Beauty is a topic that has enthralled people for millennia. From Plato to modern neuro-psychological studies, different aspects of beauty have received a tremendous amount of attention and debates.
Aesthetics is the philosophical study of beauty and its values, and expressions of beauty in artistic creations. It aims to understand the ways in which we experience beauty and why it affects our lives.
Throughout the Western world, philosophers have developed a variety of approaches to beauty. Some are more anthropocentric than others, while others approach it from a metaphysical or spiritual standpoint.
The classical conception of beauty involves a combination of perfection and harmony. A beautiful object must have a definite form that is distinctive of its type and that reflects the underlying nature of the object. It must also be proportional to its parts and harmonious in general.
Ancient Greek aesthetic theory was shaped by two major thinkers: Plato and Aristotle. While both agree that beauty is objective, Aristotle emphasizes a craftier understanding of it than Plato does, and he ascribes less danger to it than does Plato.
For Plato, beauty was a ladder that led to a higher level of thought or reality. By climbing this ladder, we could ascend to the realm of the soul or spirit (Plato’s ‘world’), and thus attain transcendent wisdom.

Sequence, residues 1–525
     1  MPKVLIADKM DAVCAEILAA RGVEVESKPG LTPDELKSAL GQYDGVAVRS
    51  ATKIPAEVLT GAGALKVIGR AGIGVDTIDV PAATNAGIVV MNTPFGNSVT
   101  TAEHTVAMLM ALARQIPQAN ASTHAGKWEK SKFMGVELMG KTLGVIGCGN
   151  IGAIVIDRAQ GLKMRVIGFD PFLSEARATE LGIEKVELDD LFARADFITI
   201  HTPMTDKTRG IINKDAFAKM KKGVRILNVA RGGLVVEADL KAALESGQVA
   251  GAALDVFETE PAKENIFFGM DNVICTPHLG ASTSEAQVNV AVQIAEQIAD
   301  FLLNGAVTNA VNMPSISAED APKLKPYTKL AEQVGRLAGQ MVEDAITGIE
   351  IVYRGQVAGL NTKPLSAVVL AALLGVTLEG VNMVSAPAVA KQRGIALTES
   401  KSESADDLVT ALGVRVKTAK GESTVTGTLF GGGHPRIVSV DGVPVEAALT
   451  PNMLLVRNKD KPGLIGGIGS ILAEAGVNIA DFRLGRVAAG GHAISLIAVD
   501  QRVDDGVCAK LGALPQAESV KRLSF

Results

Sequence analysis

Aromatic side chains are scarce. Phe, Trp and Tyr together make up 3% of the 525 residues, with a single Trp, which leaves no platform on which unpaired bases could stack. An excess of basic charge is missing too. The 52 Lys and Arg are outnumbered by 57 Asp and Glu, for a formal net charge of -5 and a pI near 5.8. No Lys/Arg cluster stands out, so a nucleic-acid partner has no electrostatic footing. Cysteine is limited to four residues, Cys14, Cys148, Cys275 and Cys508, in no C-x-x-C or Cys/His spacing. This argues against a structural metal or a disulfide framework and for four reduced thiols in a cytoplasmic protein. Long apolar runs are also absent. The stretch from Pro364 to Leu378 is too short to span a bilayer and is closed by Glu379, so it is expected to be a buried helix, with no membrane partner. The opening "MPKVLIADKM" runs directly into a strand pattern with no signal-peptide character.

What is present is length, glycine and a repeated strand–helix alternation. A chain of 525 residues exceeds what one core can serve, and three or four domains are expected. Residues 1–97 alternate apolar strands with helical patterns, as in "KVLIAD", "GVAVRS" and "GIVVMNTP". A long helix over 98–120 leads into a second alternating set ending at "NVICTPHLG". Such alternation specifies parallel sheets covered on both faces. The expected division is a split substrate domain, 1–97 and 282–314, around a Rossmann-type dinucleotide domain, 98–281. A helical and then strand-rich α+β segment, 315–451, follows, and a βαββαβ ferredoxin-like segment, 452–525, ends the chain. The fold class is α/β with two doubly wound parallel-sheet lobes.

In contrast, for Schiller, beauty is not a ladder at all but a way of rendering compatible the sensuous and the rational; he argues that we must be in an integrated state of nature and spirit to enjoy true freedom.
Early-modern philosophers, such as Aquinas, saw beauty as the manifestation of Goodness and Truth; they argued that God is the source of both. Consequently, they believed that all things are beautiful in God’s image.
The concept of beauty was reshaped in modern philosophy, which shifted its focus from ontological principles to the sphere of human sensibility. In this approach, the study of beauty became an autonomous discipline, titled aesthetics.
One major change in the concept of beauty came in the 18th century, when Alexander Gottlieb Baumgarten coined the term “aesthetics” to describe the study of beauty as an autonomous discipline. This move, which he advocated, de-emphasizes moral beauty and emphasizes the subjective evaluation of aesthetic qualities as expressed in artistic creations.
Although this shift may seem counter-intuitive, it was a necessary one. Aesthetics, as a philosophy that focused on the subjective experience of beauty, was more compatible with social justice movements than was traditional philosophy, which was oriented more toward a rigorous analysis of universal ontological concepts such as truth, goodness, and being.